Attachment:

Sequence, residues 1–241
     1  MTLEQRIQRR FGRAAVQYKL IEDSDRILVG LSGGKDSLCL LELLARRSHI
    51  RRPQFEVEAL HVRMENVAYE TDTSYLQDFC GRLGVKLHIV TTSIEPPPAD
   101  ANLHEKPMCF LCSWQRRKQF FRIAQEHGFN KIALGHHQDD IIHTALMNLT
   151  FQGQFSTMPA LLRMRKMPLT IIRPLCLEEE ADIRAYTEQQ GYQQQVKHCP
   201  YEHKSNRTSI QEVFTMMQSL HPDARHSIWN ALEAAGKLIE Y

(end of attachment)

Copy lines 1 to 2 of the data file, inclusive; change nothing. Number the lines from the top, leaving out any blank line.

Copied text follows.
Sequence, residues 1–241
     1  MTLEQRIQRR FGRAAVQYKL IEDSDRILVG LSGGKDSLCL LELLARRSHI